* Gasoline prices have risen 30 cents so far this year
* Higher pump prices seen crimping consumer spending
* Adds to pressure already evident from higher taxes
By Lucia Mutikani
WASHINGTON, Feb 12 Rising gasoline prices are
putting a squeeze on Americans already under pressure from
higher taxes and are likely to restrain economic growth in the
Prices at the pump have increased 30 cents since the start
of this year, hitting an average of $3.68 a gallon in the week
through Monday, according to the Energy Information Agency.
The increase comes at a time when households are adjusting
to smaller paychecks after a 2 percent payroll tax cut expired
on Jan. 1 and taxes rose for wealthy Americans.
Low gasoline prices helped to boost consumer spending in the
fourth quarter but are now a challenge to growth.
"The rule of thumb is that every penny increase at the pump
shaves about $1.2 billion from non-energy consumer spending,"
said Jacob Oubina, a senior U.S. economist at RBC Capital
Markets in New York.
That means the 30-cent increase in gasoline prices is
roughly equivalent to $35 billion, or about 0.4 percentage of
overall consumer spending on an annualized basis, he said.
Oubina said that taken together with higher taxes and delays
in receiving tax refunds, consumer spending, which accounts for
about 70 percent of U.S. economic activity, would likely drop by
about 1.5 percentage points in the first quarter.
U.S. gasoline prices are usually on the low side at this
time of the year, but global oil costs have risen on
stronger-than-expected demand in China and output cuts in Saudi
EIA estimates that gasoline prices will peak at $3.73 a
gallon in May.
CAUSE FOR CONCERN
"It's a cause for concern, particularly given the expiration
of the payroll tax holiday," said Ryan Sweet, a senior economist
at Moody's Analytics in West Chester, Pennsylvania.
"We will start to see gasoline prices eating into
discretionary spending this month and into March."
A government report on retail sales in January due on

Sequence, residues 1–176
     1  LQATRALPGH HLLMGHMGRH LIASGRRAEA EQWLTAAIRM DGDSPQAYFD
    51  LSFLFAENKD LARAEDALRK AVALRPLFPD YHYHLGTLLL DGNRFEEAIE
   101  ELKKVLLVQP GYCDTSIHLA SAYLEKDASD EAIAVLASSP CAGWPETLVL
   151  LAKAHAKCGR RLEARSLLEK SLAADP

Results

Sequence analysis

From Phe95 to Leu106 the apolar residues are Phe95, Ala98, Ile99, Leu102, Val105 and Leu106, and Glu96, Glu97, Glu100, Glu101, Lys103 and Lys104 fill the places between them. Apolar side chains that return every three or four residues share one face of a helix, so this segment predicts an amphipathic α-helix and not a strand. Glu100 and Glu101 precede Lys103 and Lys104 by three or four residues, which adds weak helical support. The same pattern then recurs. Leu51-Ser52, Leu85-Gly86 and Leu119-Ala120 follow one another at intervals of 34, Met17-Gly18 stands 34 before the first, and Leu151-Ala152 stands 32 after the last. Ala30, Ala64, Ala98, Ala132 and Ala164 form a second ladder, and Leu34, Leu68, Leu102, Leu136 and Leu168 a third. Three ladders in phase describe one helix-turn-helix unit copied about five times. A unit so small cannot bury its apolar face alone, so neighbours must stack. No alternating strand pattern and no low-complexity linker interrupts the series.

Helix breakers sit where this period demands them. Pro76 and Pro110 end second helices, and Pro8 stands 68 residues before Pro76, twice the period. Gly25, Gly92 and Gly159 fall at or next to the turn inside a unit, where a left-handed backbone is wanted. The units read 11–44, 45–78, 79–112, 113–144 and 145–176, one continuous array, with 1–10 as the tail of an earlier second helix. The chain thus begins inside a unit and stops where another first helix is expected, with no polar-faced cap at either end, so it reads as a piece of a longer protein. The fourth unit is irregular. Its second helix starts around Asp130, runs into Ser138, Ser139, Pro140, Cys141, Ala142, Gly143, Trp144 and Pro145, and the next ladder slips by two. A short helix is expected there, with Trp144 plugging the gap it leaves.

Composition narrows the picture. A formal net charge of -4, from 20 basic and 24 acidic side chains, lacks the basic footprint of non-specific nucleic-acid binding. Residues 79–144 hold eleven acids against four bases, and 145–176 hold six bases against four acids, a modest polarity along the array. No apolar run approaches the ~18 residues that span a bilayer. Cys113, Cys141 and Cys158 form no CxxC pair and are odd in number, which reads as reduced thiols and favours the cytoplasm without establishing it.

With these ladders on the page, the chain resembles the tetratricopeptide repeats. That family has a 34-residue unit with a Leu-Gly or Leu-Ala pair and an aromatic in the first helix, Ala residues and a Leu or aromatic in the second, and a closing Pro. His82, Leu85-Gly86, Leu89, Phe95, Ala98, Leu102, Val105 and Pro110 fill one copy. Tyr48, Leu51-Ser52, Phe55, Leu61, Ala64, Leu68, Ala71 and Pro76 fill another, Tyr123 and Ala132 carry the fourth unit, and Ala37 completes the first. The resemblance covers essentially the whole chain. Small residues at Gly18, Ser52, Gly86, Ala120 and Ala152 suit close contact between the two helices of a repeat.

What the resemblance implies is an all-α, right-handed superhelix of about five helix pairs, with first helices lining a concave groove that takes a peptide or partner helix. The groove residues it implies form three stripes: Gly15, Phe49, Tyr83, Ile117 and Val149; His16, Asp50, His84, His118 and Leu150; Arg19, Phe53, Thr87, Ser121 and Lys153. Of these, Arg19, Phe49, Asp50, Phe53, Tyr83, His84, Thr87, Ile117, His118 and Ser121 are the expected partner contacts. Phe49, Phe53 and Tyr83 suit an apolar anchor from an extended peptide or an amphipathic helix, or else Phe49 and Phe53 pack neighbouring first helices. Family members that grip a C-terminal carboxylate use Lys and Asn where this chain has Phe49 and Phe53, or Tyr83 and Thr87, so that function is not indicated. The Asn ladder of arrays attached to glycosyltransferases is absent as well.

Wednesday could offer an early read of the impact of higher
gasoline prices. Sales are expected to have edged up 0.1 percent
after rising 0.5 percent in December, according to a Reuters
survey of economists.
"The gasoline station number will be up because of the
price-related gains," said Sam Bullard, a senior economist at
Wells Fargo Securities in Charlotte, North Carolina. "Elsewhere,
you are going to see lower numbers because consumers don't have
enough income to spend on what they want."
Consumer spending increased at a 2.2 percent annual rate in
the fourth quarter, up from the previous quarter's 1.6 percent
clip. First-quarter estimates for spending growth range from 0.7
percent to 1.8 percent, with economists divided on the degree to
which Americans might tap savings for purchases.
Apart from higher taxes and expensive gasoline, delays in
tax refunds are also seen crimping spending.
"We are running about $30 billion below last year in tax
refunds," said RBC Capital Markets' Oubina. "People tend to rely
on tax refunds to drive large household purchases."
Economists said consumers could also be affected by high
food prices following last year's drought, slowing spending even
"We have got a slower rate of growth in consumer spending as
the year goes forward," said Well Fargo Securities' Bullard.
(Reporting by Lucia Mutikani; Editing by Steve Orlofsky)